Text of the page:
Rental property can be the ultimate income investment, bestowing all sorts of nifty benefits, such as monthly income, tax advantages, and a profit over the original purchase price on well-maintained properties. Over a span of several years, this can turn into a pretty sweet deal -- all for a 30% down payment, and a certain amount of sweat equity.
Before you can get to all the hard work and rewards, however, you will need to do some serious number crunching. Not only must you determine whether the property is an affordable and profitable venture, but you'll also have to make certain that you will be able to afford future expenditures related to maintenance and upkeep. To be successful in real estate investing, making friends with math is an absolute requirement.
Without further ado, here are two simple math formulas that will tell you very quickly whether that rental property you covet is a wise or foolhardy investment.
Income must equal outgo (at minimum)
Once you decide upon a likely candidate for purchase, you'll need some important pieces of information: the market rents for the unit or units, your probable monthly mortgage payment, and everything else. The last category includes expenses such as property taxes, water and sewer, and property and other insurance. If you will be including utilities in the rent, you'll need to know those costs, too.
For example, let's say you've found a two-family property in good condition that you feel you could afford with a monthly mortgage of $1,000. With market rents of $1,000 per month each side, your annual cost calculations will look like this:
|Water and sewer||500|
With annual rents coming in at $24,000 yearly, the affordability quotient is pretty high, and that extra $5,500 yearly income probably looks really swell. Before you begin shopping for a big-screen TV, though, there's one more math formula you'll need to apply to your prospective investment.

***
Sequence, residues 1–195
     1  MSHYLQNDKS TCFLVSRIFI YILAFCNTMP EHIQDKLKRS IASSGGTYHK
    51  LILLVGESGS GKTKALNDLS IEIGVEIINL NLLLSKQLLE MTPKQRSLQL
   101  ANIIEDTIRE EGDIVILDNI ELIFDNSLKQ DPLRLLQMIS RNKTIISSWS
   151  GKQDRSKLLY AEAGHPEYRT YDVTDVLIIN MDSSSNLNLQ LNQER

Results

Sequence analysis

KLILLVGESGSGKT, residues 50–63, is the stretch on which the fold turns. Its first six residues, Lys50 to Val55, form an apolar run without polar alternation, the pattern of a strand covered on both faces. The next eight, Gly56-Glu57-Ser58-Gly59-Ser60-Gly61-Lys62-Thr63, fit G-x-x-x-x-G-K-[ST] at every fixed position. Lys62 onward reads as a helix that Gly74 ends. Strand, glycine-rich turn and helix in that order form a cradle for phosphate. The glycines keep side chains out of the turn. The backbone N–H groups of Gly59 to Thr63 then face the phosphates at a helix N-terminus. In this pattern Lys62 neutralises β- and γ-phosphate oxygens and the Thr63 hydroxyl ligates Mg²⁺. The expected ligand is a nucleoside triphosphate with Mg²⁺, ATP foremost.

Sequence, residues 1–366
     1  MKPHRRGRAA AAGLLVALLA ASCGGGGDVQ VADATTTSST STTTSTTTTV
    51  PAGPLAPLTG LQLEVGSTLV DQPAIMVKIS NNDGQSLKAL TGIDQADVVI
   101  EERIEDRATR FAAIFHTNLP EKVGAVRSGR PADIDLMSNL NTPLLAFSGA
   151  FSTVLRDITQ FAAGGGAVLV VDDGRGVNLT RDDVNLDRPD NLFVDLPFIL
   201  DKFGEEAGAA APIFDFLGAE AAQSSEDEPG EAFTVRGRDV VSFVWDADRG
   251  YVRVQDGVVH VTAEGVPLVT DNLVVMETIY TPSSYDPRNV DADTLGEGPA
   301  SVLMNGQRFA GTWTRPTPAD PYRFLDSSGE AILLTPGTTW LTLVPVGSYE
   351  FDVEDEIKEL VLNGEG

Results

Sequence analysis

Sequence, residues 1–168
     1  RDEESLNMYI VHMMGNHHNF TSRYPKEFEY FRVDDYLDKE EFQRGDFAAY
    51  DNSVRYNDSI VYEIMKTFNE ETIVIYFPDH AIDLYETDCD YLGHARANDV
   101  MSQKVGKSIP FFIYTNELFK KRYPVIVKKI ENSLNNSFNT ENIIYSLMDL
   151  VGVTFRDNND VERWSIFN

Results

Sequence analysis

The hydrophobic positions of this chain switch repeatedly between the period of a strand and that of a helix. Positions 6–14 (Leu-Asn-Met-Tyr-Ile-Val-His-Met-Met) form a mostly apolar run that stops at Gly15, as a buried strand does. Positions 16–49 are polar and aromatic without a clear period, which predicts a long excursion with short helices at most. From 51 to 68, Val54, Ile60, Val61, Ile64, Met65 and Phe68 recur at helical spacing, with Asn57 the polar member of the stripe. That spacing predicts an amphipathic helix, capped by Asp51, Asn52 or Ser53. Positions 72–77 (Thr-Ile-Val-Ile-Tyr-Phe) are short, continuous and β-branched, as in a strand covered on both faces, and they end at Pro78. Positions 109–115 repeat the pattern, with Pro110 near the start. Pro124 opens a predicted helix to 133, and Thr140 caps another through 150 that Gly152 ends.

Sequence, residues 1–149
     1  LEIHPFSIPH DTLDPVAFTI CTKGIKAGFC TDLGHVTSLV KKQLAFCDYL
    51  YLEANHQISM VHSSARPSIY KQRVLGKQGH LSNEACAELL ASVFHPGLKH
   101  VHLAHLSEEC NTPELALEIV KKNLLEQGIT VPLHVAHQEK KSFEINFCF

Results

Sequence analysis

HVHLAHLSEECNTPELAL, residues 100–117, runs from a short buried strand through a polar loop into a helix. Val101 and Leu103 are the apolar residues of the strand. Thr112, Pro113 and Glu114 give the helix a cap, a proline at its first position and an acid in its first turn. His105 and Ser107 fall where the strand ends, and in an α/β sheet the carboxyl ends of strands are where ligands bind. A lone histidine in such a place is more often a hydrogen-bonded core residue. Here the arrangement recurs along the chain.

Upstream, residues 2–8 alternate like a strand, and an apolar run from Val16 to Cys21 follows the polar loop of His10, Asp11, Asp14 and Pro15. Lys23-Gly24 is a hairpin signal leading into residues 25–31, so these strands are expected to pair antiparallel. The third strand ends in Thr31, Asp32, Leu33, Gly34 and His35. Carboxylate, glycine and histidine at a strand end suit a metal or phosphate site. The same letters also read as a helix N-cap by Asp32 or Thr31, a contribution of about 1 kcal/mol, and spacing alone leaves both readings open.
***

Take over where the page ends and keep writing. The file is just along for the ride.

Reserve for replacement formula
Components wear out in rental units, just like in any home. Replacing a roof or heating system can be expensive, so you'll want to make sure you have some money set aside to cover these expenses, as well as durable items like refrigerators and carpeting, if the need arises.
This formula is fairly straightforward, as well -- merely take the "Replacement Cost New" of a certain appliance and divide by the life expectancy.
1 (100%) / Life Expectancy = % of RCN = annual reserve for replacement
Fannie Mae has an excellent landlord guide that lists the lifespan of various components for easy reference. Here's the formula, using the example of a mid-priced electric range at Home Depot:
$549/17 = $32 annual reserve
As you can see, adding up all the items with a finite lifespan and figuring out the cumulative annual reserve for replacement will eat into your yearly net profit. In addition, it is very unlikely that all components will be brand-new when you purchase your property, so the lifespan of each item will have to be adjusted according to its age -- which will correspondingly increase the annual reserve.
Of course, there will be other expenses, both expected and unplanned, that the average rental property investor will encounter, and it is always a good idea to make sure you keep money aside at the time of purchase for things like renovation costs and tenant search expenses. However, these two simple math formulas -- used correctly and consistently -- will place you firmly on the path to real estate investing success.